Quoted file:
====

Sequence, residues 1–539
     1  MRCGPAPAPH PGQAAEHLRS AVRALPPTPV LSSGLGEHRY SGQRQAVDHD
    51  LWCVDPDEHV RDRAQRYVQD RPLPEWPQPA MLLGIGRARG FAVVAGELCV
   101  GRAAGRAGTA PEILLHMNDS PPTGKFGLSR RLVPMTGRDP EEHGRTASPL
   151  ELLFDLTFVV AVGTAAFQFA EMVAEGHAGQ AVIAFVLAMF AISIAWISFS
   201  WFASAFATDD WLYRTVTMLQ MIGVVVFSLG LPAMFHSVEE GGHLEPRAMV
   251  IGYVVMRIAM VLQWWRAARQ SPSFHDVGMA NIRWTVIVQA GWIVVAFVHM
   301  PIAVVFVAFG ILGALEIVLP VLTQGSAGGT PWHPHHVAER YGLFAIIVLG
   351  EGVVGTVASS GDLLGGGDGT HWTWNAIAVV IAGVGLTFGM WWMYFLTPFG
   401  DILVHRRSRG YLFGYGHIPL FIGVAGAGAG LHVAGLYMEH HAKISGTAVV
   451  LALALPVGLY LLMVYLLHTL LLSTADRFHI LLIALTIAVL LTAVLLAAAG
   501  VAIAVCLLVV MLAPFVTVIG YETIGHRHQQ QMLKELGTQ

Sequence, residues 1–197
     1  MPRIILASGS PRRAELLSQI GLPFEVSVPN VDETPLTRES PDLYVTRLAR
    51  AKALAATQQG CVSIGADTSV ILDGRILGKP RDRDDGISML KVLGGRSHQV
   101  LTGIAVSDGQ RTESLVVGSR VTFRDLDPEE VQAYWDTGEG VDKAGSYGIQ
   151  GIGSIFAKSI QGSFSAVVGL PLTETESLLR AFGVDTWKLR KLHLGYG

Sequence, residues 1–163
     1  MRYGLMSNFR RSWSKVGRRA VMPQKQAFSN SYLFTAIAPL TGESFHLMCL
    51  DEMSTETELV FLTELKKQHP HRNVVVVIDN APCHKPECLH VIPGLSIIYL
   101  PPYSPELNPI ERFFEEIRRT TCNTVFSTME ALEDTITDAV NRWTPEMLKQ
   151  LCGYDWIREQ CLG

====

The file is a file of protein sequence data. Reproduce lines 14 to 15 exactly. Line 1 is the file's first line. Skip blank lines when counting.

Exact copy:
     1  MPRIILASGS PRRAELLSQI GLPFEVSVPN VDETPLTRES PDLYVTRLAR
    51  AKALAATQQG CVSIGADTSV ILDGRILGKP RDRDDGISML KVLGGRSHQV